As 15 million Americans are currently unemployed, there are also plenty con artists preying on them.
Imagine you're out of work and you see an ad for a job paying as much as $500 a week to assemble angel pins at home. Sounds too good to be true, right?
That's what Teresa Yeast thought, too, after she answered an ad from a company called Angel Pin Creations. She thought it was something she could manage while caring for her two children with disabilities.
"I've been scammed and it hurts, it hurts a lot," Yeast said.
Teresa's husband was out of work, so out of desperation to make money she sent the company the $580 for the kit to make the angels.
"It was not money that I had to spare," she said. "It was money that I sent in was in faith."
But the kit was incomplete, making it almost impossible to piece the angels together.
"I think that was their objective, to wear you out, frustrate you to the point you give up and they have your money and you are just done," Yeast said.
That didn't stop her. She attempted to send in sample, after sample, after sample. The company turned all of them down.
"What happens inevitably is that the craft is rejected for some reason or another," Monica Vaca, with the Federal Trade Commssion said. "It's not perfect in one way. It's not perfect in another way."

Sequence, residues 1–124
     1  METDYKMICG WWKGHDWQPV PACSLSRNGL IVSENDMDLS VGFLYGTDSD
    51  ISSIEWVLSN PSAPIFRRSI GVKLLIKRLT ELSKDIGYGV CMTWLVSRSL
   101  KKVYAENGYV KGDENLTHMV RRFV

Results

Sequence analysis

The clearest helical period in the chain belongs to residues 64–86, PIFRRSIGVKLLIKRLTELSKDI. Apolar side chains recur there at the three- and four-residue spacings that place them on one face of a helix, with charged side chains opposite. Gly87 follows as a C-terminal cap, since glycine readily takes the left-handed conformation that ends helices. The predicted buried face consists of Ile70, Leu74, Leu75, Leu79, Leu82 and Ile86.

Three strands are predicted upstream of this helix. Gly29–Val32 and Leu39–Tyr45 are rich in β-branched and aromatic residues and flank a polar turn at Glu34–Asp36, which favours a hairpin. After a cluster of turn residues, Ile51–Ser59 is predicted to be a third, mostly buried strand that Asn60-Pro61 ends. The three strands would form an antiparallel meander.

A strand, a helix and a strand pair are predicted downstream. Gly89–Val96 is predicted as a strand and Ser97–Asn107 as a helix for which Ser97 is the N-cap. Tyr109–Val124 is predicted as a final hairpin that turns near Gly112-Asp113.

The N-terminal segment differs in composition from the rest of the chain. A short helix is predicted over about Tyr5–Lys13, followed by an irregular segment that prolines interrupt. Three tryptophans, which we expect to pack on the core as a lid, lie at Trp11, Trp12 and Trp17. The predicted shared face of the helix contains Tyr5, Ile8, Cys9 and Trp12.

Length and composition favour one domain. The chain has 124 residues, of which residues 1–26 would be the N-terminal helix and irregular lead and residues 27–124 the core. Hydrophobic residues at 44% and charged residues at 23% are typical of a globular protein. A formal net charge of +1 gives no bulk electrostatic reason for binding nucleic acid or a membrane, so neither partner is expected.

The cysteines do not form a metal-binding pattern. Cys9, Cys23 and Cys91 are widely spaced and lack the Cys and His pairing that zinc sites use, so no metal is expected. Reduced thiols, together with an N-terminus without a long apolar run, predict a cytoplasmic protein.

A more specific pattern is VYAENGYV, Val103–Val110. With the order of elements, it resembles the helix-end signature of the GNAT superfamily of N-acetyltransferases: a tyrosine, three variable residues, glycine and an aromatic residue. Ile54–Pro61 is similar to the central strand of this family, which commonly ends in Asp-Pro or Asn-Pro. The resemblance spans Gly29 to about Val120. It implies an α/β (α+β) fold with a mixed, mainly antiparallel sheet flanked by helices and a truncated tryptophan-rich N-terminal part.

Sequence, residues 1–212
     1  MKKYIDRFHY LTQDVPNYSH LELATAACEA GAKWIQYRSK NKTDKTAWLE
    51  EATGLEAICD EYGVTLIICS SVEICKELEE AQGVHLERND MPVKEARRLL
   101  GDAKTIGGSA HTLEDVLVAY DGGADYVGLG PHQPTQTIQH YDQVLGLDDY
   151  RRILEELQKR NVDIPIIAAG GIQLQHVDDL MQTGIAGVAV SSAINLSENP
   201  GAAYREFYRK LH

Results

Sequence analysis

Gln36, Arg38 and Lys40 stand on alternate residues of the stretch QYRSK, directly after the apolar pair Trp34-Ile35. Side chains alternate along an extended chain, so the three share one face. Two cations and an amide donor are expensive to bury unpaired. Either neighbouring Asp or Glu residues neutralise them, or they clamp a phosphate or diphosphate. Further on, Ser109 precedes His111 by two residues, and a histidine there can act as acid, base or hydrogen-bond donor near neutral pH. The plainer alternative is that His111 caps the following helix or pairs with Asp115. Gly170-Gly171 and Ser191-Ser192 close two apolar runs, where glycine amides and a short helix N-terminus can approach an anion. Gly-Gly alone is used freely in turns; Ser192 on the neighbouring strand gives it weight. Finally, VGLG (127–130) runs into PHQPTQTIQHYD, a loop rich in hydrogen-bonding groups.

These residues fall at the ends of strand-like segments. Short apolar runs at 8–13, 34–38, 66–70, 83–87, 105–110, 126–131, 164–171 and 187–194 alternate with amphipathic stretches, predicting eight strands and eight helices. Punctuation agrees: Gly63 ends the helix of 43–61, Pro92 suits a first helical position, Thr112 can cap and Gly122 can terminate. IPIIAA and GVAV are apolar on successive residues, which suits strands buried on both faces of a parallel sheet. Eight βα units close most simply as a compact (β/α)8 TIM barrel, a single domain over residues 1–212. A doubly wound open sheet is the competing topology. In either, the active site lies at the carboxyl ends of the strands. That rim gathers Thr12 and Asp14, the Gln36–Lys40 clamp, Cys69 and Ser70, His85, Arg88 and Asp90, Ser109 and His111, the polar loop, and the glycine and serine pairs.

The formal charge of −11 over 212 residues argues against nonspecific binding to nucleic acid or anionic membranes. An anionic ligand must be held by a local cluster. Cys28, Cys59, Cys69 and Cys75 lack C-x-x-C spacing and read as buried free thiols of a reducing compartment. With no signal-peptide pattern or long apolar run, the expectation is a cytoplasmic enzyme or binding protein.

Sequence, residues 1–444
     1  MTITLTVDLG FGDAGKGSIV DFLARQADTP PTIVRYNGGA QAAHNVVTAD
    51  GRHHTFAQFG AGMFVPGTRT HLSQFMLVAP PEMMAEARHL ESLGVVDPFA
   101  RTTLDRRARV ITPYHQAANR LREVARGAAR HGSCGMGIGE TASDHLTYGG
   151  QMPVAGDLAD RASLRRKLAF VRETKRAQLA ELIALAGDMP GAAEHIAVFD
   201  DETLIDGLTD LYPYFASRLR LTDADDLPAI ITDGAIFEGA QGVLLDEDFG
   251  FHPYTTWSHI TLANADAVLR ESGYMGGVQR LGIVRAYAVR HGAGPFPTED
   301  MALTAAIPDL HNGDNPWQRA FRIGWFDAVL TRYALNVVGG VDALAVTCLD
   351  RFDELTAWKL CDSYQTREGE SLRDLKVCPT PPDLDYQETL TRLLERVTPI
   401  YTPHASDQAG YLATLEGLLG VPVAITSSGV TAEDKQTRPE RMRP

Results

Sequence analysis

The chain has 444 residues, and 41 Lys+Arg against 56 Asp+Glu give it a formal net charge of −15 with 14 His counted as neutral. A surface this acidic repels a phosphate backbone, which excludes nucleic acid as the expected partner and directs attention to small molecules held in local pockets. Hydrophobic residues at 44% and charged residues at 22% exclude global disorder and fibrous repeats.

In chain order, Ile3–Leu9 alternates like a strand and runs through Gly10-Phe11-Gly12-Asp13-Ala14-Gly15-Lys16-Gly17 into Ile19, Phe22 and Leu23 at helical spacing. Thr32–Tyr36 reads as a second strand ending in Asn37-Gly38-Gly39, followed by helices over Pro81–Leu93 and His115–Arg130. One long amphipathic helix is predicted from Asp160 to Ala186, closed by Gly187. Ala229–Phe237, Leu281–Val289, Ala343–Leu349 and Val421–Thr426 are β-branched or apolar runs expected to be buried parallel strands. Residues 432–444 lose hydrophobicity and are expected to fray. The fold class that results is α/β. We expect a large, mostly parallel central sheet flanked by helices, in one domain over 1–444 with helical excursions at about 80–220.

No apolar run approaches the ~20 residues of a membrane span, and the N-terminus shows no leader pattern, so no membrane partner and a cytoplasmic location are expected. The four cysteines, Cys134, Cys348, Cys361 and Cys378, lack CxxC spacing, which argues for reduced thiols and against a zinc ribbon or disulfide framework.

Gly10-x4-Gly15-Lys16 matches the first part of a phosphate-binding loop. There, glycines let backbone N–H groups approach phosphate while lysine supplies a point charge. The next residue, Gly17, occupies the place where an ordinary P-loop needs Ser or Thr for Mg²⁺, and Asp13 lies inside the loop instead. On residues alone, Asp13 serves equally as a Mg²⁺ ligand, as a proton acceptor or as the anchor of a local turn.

But Yeast is not alone. The FTC says job scams like this one are on the rise. The Commission is now suing about a dozen companies accused of scamming job-seekers.
Investigators estimate Angel Pin Creations made $832,000 in a single year by making "false and baseless claims that consumers could earn substantial income from angel pin assembly, when in fact they could not."
"What these fraudsters are doing is they look at the headlines and right now what's in the headlines is a very high unemployment rate," Vaca said. "So they know how to exploit vulnerabilities."
Meanwhile, the FTC hopes to shut the Angel Pin company down -- and they're using victims like Teresa to help them do it.